Is measurement a Black box? On the importance of understanding measurement even in quantum information and computation
David Bourget (Western Ontario)
David Chalmers (ANU, NYU)
Rafael De Clercq
Ezio Di Nucci
Jack Alan Reynolds
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Philosophy of Science 74 (5):1019–1032 (2007)
It has been argued, partly from the lack of any widely accepted solution to the measurement problem, and partly from recent results from quantum information theory, that measurement in quantum theory is best treated as a black box. However, there is a crucial difference between ‘having no account of measurement' and ‘having no solution to the measurement problem'. We know a lot about measurements. Taking into account this knowledge sheds light on quantum theory as a theory of information and computation. In particular, the scheme of ‘one-way quantnum computation' takes on a new character in light of the role that reference frames play in actually carrying out any one-way quantum comptuation. ‡Thanks to audiences at the PSA and the Centre for Time, University of Sydney, for helpful comments and questions. †To contact the author, please write to: Department of Philosophy, University of South Carolina, Columbia, SC 29208; e-mail: email@example.com.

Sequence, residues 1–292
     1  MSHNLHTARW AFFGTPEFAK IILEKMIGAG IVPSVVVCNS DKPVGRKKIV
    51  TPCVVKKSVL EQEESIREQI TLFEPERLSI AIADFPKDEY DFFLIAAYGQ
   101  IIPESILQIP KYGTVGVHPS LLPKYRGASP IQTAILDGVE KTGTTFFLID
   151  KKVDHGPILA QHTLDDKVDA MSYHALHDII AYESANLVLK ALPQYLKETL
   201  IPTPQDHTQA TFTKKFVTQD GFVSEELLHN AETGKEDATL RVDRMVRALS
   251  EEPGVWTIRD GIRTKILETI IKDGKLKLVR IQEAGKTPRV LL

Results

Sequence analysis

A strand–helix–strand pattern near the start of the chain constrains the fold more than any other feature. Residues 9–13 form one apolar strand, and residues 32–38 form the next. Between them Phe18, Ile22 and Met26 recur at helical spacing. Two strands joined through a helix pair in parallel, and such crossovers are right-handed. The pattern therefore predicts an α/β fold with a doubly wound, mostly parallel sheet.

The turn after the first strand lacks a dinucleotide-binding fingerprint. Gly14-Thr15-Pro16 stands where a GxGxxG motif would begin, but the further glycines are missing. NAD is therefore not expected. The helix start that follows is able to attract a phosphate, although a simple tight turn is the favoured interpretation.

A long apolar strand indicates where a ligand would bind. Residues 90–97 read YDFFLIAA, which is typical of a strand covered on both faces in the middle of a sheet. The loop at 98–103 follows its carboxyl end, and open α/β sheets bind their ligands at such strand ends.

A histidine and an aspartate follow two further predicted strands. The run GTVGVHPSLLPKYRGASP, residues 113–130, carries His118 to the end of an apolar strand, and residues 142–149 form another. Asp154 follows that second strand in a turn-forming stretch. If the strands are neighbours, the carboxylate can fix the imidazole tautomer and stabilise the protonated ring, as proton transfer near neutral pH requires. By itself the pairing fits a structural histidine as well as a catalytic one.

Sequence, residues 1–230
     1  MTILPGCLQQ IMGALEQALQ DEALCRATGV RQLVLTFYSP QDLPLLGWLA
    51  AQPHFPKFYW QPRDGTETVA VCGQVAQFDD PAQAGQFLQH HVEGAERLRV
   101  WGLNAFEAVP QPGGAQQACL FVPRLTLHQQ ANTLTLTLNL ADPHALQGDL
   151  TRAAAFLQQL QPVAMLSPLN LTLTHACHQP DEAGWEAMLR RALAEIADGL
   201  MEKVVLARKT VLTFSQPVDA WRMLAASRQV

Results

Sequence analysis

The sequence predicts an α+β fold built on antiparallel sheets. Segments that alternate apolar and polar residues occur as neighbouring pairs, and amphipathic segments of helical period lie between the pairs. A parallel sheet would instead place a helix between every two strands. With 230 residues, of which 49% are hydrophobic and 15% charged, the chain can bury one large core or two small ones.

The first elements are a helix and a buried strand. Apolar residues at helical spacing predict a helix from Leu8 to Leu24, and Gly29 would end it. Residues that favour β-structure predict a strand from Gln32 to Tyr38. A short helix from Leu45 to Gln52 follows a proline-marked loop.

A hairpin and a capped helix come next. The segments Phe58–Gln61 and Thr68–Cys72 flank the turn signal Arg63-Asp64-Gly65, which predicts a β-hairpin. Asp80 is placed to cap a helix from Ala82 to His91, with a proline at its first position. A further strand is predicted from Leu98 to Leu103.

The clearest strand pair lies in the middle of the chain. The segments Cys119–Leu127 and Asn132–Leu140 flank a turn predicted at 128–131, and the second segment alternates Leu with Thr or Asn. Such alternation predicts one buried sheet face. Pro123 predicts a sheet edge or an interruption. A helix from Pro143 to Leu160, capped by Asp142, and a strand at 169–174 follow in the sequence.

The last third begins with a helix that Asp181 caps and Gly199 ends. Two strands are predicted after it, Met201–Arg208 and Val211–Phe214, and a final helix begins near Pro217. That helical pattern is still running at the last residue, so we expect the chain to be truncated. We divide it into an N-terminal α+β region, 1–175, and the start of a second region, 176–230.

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References found in this work BETA
Rob Clifton, Jeffrey Bub & Hans Halvorson (2003). Characterizing Quantum Theory in Terms of Information-Theoretic Constraints. Foundations of Physics 33 (11):1561-1591.
Niels Bohr (1935). Can Quantum-Mechanical Description of Physical Reality Be Considered Complete? Physical Review 48 (696--702):696--702.
Jeffrey Bub (2004). Why the Quantum? Studies in History and Philosophy of Science Part B 35 (2):241-266.
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